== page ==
“I don’t want your pity – I just want to remember who I was before this”.
This is one of the final statements made by one of five actors who blessed the stage at the Cultural Project: 45 Bleeker Theater, last night in the East Village [GP:EV]. For 2 hours, I left New York again, for a
brief visit to the African Continent, but this time, further south… to the Republic of South Africa, but not in 2006, but over a decade ago, during the
tyranny of Apartheid. Amajuba: Like Doves We Rise, written and directed by Edinburgh’s Yael Farber, is the story of 5 South Africans who have grown up in Apartheid, and their lives broken and rebuilt by the tragedies they’ve faced. Through dialogue, dance, song, symbolism and at-times heart-wrenching
narrative, their stories are proclaimed with such strength, defiance, and passion.
And what I didn’t know, but only discovered afterwards, the actors were the people they were playing. This wasn’t acting. They were telling their own true life stories. I had felt as if I’d seen more into these people than I have ever looked upon another human being. I’ve never seen such vulnerability, and to know that they have to relive their past, but then be healed from it, day in and day out. It’s an amazing privilege. I was given a message of hope for myself, and while although few of us can say we’ve experienced what a life under Apartheid is like, many of us have suffered greatly in this world. Pain is pain, and healing is healing.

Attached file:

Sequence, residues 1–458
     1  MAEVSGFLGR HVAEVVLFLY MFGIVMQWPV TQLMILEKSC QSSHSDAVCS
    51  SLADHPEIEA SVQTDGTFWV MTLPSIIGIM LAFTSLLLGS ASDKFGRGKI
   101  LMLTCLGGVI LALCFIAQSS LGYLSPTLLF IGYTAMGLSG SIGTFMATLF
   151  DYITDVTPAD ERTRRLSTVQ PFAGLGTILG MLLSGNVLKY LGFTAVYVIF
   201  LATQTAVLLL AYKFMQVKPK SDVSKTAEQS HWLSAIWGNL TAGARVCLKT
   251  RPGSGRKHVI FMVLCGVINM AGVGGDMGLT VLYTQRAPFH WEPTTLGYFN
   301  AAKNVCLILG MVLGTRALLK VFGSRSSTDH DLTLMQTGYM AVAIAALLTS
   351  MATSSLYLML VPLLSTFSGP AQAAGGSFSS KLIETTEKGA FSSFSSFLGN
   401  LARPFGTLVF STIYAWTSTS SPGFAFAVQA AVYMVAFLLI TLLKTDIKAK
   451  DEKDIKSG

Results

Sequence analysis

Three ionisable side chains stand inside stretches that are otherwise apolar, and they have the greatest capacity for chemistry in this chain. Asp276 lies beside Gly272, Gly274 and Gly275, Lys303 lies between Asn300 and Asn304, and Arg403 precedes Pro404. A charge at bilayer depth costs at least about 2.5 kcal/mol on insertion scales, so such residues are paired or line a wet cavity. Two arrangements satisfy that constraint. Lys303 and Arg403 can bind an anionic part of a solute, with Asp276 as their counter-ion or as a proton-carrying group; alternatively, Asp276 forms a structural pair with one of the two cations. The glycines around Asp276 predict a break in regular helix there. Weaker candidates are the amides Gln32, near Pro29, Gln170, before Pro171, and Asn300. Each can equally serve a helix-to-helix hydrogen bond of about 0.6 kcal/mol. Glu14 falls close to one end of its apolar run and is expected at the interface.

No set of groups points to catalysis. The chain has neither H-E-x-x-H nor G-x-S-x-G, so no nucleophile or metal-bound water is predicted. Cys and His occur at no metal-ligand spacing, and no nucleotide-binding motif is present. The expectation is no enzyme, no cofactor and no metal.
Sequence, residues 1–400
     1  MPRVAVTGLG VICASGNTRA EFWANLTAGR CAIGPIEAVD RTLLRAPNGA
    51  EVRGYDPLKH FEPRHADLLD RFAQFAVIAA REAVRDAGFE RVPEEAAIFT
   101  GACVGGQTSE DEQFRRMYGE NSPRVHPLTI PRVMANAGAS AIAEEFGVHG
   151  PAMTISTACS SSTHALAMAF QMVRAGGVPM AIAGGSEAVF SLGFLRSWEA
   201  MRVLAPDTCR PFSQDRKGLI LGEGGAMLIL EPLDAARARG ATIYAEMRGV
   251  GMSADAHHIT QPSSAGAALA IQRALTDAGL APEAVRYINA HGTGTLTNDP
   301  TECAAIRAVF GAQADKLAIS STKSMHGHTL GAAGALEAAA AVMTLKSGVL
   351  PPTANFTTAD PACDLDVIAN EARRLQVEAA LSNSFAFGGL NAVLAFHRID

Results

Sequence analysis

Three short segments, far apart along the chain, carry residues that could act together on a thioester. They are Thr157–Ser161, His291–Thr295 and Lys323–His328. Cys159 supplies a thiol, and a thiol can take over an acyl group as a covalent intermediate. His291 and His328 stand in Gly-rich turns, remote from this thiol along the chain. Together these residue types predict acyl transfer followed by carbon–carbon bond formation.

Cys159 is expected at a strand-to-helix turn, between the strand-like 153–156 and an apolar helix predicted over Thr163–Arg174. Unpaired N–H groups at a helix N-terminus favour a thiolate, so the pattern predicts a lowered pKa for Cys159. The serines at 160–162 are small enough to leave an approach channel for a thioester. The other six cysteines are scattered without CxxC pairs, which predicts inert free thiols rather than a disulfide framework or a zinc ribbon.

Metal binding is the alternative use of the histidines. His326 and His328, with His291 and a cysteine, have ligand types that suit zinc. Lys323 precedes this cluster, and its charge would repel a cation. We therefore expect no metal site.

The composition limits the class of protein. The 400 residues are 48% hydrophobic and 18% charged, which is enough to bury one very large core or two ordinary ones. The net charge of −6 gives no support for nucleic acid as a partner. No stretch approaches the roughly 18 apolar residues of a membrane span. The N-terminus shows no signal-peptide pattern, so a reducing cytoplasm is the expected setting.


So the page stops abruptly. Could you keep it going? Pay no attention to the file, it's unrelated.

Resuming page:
For two hours, the audience of about 100 was held captive under a spell, and remained entranced for the duration of the performance. Light, color, props, beautiful harmonies, noise, pain, sweat (lots of sweat) and soul. That’s what I experienced last night.
I want to urge everyone to see this show. Last night was the beginning of a week of previews and opening night is in a week. You can buy tickets at Ticketmaster. Please contact me if you want a discount code, so you can get $25.00 tickets: http://www.ticketmaster.com/artist/1037571
I was given hope. I thought of my boys out in Kibera, and I hope that one day, they will be able to face the past, and then wash it away, and rise. Rise.
“My past is a broken country – but I am not”